Friday, October 13, 2006

Michael Sandy Dies, Rally on Monday

It has been an extremely busy week so far, and I'm now back home in New Jersey, attending Cave Canem's 10th Anniversary Celebration conference and reunion, so I haven't had a free moment since I've returned (no thank to Continental Airlines, either), but I did want to post a message I received from Keith Boykin concerning the recent death of Michael Sandy in New York City for readers of J's Theater who might drop by here first:

Dear colleagues:

I am writing to you today because I need your help. As some of you already know, Michael Sandy, the 29-year-old black gay man who was brutally attacked by a group of white men last Sunday, has died today.

In response to his death, several Black LGBT organizations have come together to hold a rally and press conference on Monday at 5 p.m. at New York City Hall. I ask you to please join me in spreading the word about the Monday rally. It's very hard to get the word out over the Internet on a weekend, so any help you can provide would be greatly appreciated.

Thanks very much.

Michael Sandy Dies; Monday Rally Planned At NY City Hall

BREAKING NEWS -- Michael Sandy, the 29-year-old black gay man who was attacked in a gay bashing incident last Sunday, has died. Sandy reportedly died around noon today after the family decided to remove the life support respirator that had kept him alive. Police are reportedly considering whether to elevate the charges against the suspects as a result of Sandy's death.

Black LGBT organizers and activists vowed to hold a rally on Monday to demand an end to hate violence in the city and to hold city leaders accountable. The rally is scheduled to take place at 5 p.m. on Monday at New York City Hall. The rally is being sponsored by People of Color In Crisis, the New York State Black Gay Network, Gay Men of African Descent, the New York City Anti-Violence Project and the National Black Justice Coalition.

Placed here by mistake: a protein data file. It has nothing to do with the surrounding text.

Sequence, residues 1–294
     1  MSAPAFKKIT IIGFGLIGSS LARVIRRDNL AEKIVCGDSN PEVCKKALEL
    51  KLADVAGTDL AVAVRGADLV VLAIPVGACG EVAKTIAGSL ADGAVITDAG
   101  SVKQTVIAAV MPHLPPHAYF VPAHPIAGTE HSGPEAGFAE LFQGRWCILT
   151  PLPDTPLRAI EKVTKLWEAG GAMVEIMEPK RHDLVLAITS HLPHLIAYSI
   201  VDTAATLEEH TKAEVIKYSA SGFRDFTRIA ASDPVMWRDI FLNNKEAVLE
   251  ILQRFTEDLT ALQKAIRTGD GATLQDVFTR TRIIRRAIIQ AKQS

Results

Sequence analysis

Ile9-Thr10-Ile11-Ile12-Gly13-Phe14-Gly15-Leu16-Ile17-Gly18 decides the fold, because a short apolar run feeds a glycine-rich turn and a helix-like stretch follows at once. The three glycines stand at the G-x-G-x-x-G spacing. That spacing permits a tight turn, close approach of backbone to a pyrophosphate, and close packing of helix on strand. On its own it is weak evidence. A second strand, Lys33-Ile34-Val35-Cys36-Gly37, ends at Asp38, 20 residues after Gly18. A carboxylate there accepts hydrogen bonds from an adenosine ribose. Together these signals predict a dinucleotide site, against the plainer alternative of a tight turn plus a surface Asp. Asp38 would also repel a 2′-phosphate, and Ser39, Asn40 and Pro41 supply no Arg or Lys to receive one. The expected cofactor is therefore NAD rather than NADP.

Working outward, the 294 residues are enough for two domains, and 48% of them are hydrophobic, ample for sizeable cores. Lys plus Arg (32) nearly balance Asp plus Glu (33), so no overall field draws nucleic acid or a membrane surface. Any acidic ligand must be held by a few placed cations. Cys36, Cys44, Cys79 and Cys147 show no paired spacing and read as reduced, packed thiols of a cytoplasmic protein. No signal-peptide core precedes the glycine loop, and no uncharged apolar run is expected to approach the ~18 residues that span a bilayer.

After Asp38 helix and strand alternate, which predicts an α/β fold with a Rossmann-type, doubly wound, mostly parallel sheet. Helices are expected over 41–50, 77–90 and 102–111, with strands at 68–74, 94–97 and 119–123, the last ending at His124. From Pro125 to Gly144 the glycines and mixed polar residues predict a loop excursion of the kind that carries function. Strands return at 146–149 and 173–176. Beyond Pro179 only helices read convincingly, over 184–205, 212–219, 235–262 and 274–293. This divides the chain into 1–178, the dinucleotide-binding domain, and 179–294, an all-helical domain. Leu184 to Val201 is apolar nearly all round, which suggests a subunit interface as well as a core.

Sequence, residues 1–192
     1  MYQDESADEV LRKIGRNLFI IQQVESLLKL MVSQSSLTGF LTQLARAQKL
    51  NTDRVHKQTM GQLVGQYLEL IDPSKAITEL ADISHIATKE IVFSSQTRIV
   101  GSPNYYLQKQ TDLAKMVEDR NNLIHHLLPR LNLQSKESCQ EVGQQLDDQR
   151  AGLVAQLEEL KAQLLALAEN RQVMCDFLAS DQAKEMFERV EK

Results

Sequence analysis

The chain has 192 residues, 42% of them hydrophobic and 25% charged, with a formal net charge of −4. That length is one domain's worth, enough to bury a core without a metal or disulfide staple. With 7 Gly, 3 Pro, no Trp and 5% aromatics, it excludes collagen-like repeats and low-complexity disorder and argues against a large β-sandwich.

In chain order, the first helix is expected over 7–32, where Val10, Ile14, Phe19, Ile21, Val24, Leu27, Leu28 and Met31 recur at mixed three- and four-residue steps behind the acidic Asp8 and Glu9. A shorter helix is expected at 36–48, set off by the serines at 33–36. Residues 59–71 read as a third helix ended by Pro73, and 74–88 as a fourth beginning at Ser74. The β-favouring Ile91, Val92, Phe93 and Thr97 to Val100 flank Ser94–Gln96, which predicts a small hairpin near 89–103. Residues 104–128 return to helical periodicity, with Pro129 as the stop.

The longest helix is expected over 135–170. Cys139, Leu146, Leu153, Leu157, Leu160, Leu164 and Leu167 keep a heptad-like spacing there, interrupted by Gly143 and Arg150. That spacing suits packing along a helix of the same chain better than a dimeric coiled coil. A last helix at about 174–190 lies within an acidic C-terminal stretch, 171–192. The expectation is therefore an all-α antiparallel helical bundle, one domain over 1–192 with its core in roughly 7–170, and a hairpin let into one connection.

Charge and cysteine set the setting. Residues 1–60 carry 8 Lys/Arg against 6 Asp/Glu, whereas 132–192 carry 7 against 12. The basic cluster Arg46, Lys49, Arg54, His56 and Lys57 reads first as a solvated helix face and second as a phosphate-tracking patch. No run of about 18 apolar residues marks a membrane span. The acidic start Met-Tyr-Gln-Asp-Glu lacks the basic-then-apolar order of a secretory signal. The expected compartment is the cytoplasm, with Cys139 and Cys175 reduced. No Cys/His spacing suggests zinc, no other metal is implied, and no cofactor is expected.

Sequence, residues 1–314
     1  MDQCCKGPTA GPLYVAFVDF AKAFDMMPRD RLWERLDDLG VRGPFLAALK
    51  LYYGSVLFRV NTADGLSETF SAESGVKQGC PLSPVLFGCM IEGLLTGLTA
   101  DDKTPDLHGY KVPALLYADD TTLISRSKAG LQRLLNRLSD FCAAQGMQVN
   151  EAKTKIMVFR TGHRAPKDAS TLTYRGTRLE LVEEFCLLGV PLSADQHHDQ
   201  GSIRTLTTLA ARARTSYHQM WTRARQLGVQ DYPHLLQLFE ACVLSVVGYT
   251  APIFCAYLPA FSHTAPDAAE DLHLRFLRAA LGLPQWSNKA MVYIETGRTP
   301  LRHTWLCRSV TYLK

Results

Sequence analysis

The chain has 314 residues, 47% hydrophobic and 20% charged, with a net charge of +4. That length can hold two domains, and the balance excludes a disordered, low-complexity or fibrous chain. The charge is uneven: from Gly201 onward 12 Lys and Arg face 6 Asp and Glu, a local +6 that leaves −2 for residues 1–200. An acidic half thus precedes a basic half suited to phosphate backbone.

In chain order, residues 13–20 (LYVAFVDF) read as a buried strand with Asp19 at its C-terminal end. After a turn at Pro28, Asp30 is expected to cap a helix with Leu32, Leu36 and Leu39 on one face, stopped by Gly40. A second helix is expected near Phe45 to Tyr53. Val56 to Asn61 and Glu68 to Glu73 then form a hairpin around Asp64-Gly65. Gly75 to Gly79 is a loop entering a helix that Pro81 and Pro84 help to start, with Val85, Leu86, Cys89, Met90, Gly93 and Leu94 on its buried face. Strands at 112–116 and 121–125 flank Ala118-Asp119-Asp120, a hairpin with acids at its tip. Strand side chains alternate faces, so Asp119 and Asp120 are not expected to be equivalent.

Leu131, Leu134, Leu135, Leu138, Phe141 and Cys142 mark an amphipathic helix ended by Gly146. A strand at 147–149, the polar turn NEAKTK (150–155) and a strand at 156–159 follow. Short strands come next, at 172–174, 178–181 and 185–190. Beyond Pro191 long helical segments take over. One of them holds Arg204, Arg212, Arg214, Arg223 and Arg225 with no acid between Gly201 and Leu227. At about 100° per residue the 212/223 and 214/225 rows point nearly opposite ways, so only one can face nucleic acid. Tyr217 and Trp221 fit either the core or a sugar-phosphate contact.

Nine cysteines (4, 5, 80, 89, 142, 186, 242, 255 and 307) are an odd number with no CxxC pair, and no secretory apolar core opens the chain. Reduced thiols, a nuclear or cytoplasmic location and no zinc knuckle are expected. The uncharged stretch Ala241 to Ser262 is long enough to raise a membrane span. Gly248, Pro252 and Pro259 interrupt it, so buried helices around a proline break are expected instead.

My heart goes out to Michael Sandy's family. This didn't have to happen. But sadly, we live in a world where hate violence is still too common. Now it's time to do something about it.

How many more black gays and lesbians have to be beaten, killed or attack in New York before we rise up and do something about it? After Kevin Aviance, Rashawn Brazell, Dwan Prince and Sakia Gunn, we have a responsibility to speak out on their behalf.

It's time for black political leaders and civil rights leaders and the larger black community to be involved. If Michael Sandy were not gay, this case would have outraged most of Black New York. But because he is gay, almost no one seems to be talking about it.

It's also time for the city to be engaged in stopping these hate crimes. We need the police to be proactive in protecting us. That's why the move by one local politician to close down the park at sunset is understandable but misguided. That effort is fueled by the same homophobia that denigrates gay men as sexual predators.

And it's time for the mayor and the city officials to deal with the structural problems that encourage homophobia, racism and hate violence in our communities. It's not enough for the mayor to show up and give a speech at a press conference. It's time to show some real leadership.

And finally, it's way past time for the black LGBT community to be engaged. Our friends and lovers, brothers and sisters, neighbors and colleagues are dying in the streets. What are we going to do about it? What will we do to keep each other safe from harm? What will we do to change the climate of homophobia in our families, our homes, our churches, and our work places? It's time for black gays and lesbians to stand up and be counted

Keith Boykin

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